In a campaign pep rally/sermon billed as a "policy speech," Obama nearly broke his arm patting himself on the back for placing his "bets" (read: our money) on the $85 billion federal auto industry rescue. "Three years later," he crowed, "that bet is paying off for America." Big Labor brass cheered Obama's citation of GM's "highest profits in its 100-year history" as the room filled with militant UAW chants of "union made."
"Union made" -- but who paid? Scoffing at the criticism that his bailout was a massive union payoff, Obama countered that all workers sacrificed to save the auto industry. "Retirees saw a reduction in the health care benefits they had earned," Obama told the congregation, er, crowd. "Many of you saw hours reduced," he sympathized, "or pay and wages scaled back."
Let's clear the fumes (again), shall we? The bailout pain was not distributed equally. It was redistributed politically.
Bondholders standing up for their property and contractual rights got shortchanged and demonized personally by the president. Dealers and suppliers faced closures based on political connections and lobbying clout, rather than neutral efficiency evaluations. And as I first reported in September 2010, in the rush to nationalize the auto industry and avoid contested court termination proceedings, the White House auto team schemed with Big Labor bosses to preserve UAW members' costly pension funds by shafting their nonunion counterparts.
These forgotten nonunion pensioners (who worked for the Delphi/GM auto parts company) lost all of their health and life insurance benefits. Hailing from the economically devastated Rust Belt -- northeast Ohio, Michigan and neighboring states -- the Delphi workers had devoted decades of their lives as secretaries, technicians, engineers and sales employees. Some have watched up to 70 percent of their pensions vanish. They've banded together to seek justice in court and on Capitol Hill under the banner of the Delphi Salaried Retiree Association.
Through two costly years of litigation and investigation, the Delphi workers have exposed how the stacked White House Auto Task Force schemed with union bosses to "cherry pick" (one Obama official's own words) which financial obligations the new Government Motors company would assume and which they would abandon based on their political expedience. Obama's own former auto czar Steve Rattner admitted in his recent memoir that "attacking the union's sacred cow" could "jeopardize" the auto bailout deal.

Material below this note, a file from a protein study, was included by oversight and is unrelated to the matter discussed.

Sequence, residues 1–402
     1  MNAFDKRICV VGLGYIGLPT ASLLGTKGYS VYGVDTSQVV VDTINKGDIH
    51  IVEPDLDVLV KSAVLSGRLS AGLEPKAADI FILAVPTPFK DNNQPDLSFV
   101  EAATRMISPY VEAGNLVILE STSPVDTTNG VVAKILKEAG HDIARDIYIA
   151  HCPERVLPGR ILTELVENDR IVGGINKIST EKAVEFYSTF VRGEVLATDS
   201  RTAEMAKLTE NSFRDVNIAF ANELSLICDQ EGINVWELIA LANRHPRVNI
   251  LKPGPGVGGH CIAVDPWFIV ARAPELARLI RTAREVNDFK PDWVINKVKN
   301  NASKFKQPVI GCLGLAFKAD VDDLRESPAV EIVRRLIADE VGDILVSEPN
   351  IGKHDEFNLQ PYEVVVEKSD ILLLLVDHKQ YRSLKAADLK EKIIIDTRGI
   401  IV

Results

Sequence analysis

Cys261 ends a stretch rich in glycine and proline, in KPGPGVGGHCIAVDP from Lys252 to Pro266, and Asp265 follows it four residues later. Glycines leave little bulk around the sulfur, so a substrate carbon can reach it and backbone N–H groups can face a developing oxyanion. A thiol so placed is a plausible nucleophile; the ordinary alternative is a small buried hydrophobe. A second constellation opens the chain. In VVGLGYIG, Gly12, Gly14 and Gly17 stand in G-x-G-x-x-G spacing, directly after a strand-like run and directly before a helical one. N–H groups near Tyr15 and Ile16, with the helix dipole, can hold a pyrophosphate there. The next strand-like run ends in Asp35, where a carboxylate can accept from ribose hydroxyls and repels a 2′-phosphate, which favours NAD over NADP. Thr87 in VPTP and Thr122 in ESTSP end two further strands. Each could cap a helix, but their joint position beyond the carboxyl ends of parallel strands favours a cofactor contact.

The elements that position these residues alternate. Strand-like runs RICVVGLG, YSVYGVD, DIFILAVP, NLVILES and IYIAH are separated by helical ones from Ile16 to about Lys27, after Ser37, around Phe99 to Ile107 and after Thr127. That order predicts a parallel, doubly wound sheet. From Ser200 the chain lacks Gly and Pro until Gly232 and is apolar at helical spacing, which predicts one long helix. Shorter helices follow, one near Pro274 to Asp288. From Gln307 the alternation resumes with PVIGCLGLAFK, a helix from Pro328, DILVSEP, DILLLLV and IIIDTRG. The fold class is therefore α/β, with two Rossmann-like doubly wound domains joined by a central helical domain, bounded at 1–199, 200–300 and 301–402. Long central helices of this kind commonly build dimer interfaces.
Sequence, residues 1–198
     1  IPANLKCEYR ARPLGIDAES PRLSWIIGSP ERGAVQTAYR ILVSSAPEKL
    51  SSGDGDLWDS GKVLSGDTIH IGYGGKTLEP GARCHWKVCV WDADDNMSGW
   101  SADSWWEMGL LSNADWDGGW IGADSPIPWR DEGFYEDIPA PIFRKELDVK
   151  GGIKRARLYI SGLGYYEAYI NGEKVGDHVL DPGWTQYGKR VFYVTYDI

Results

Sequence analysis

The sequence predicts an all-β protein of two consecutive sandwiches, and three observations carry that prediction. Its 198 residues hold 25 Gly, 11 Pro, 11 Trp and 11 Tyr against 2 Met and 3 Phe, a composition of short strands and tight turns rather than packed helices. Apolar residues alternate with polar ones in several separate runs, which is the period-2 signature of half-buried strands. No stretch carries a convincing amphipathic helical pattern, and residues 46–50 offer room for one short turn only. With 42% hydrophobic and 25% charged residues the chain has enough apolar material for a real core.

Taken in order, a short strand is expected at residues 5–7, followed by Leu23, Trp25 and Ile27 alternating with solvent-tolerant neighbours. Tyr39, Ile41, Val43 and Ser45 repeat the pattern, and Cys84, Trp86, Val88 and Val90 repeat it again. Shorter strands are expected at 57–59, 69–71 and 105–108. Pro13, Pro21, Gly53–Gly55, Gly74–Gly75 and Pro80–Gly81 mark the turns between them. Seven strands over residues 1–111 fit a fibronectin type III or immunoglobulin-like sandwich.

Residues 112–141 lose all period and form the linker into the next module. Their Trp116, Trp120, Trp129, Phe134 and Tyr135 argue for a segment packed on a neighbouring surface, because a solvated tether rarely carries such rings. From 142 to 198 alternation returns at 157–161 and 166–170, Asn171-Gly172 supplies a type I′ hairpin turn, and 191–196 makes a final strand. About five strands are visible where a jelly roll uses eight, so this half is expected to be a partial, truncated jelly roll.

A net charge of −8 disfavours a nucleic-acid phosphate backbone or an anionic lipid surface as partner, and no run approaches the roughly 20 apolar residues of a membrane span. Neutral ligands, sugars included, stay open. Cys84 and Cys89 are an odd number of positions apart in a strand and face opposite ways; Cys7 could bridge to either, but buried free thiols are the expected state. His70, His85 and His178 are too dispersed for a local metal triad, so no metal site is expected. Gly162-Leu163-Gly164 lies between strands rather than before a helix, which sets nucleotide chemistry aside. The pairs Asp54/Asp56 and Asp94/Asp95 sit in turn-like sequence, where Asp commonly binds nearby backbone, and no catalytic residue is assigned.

Ohio Republican Rep. Michael Turner last month called attention to the glaring conflicts of interest that entangled Obama moneyman Tim Geithner's multiple meddling roles in screwing over the Delphi workers. Geithner served simultaneously as co-chair of the Auto Task Force, board member of the Pension Benefit Guaranty Corporation (the federal agency overseeing pension payments to bankrupt companies) and Treasury Secretary. The General Accounting Office raised eyebrows at Geithner's "multiple roles" in the deal-making.
Thanks to a separate Freedom of Information Act request filed by the Competitive Enterprise Institute, we already know that Geithner's department and General Motors closely coordinated their PR strategy and collaborated on making fraudulent claims about GM repaying all of its government loans. The cash-strapped Delphi retirees are suing the transparency-ducking PBGC in federal court to unearth documents that may yield key details of the improper Obama administration influence over Delphi's bankruptcy organization.
As ebullient UAW officials hooted and hollered on Tuesday, Obama smugly attacked Republicans for "anti-worker policies" and their "same old you're-on-your-own philosophy." The Delphi workers know better: One union's government-subsidized, government-manipulated "success story" is the rest of the workforce's nightmare.
Michelle Malkin is the author of "Culture of Corruption: Obama and his Team of Tax Cheats, Crooks & Cronies" (Regnery 2010). Her e-mail address is firstname.lastname@example.org.
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